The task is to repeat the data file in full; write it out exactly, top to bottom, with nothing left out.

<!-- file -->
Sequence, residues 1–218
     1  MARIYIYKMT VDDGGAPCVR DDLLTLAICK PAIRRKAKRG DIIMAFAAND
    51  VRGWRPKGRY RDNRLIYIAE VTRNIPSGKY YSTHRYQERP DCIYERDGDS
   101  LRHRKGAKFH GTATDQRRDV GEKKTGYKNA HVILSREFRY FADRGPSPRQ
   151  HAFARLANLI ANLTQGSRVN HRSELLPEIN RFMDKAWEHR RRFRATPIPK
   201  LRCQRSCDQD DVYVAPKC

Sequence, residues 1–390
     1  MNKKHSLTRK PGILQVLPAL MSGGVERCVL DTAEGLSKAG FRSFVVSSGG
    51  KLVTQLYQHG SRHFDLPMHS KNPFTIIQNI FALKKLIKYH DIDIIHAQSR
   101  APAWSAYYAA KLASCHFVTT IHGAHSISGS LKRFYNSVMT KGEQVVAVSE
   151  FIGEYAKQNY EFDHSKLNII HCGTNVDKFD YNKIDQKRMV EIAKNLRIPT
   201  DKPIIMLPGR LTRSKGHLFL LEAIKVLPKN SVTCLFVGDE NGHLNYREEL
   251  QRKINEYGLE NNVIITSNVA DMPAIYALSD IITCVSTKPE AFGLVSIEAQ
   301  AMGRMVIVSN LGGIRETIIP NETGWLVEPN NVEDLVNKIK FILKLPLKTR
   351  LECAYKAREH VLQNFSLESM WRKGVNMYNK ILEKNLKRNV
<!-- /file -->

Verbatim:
Sequence, residues 1–218
     1  MARIYIYKMT VDDGGAPCVR DDLLTLAICK PAIRRKAKRG DIIMAFAAND
    51  VRGWRPKGRY RDNRLIYIAE VTRNIPSGKY YSTHRYQERP DCIYERDGDS
   101  LRHRKGAKFH GTATDQRRDV GEKKTGYKNA HVILSREFRY FADRGPSPRQ
   151  HAFARLANLI ANLTQGSRVN HRSELLPEIN RFMDKAWEHR RRFRATPIPK
   201  LRCQRSCDQD DVYVAPKC

Sequence, residues 1–390
     1  MNKKHSLTRK PGILQVLPAL MSGGVERCVL DTAEGLSKAG FRSFVVSSGG
    51  KLVTQLYQHG SRHFDLPMHS KNPFTIIQNI FALKKLIKYH DIDIIHAQSR
   101  APAWSAYYAA KLASCHFVTT IHGAHSISGS LKRFYNSVMT KGEQVVAVSE
   151  FIGEYAKQNY EFDHSKLNII HCGTNVDKFD YNKIDQKRMV EIAKNLRIPT
   201  DKPIIMLPGR LTRSKGHLFL LEAIKVLPKN SVTCLFVGDE NGHLNYREEL
   251  QRKINEYGLE NNVIITSNVA DMPAIYALSD IITCVSTKPE AFGLVSIEAQ
   301  AMGRMVIVSN LGGIRETIIP NETGWLVEPN NVEDLVNKIK FILKLPLKTR
   351  LECAYKAREH VLQNFSLESM WRKGVNMYNK ILEKNLKRNV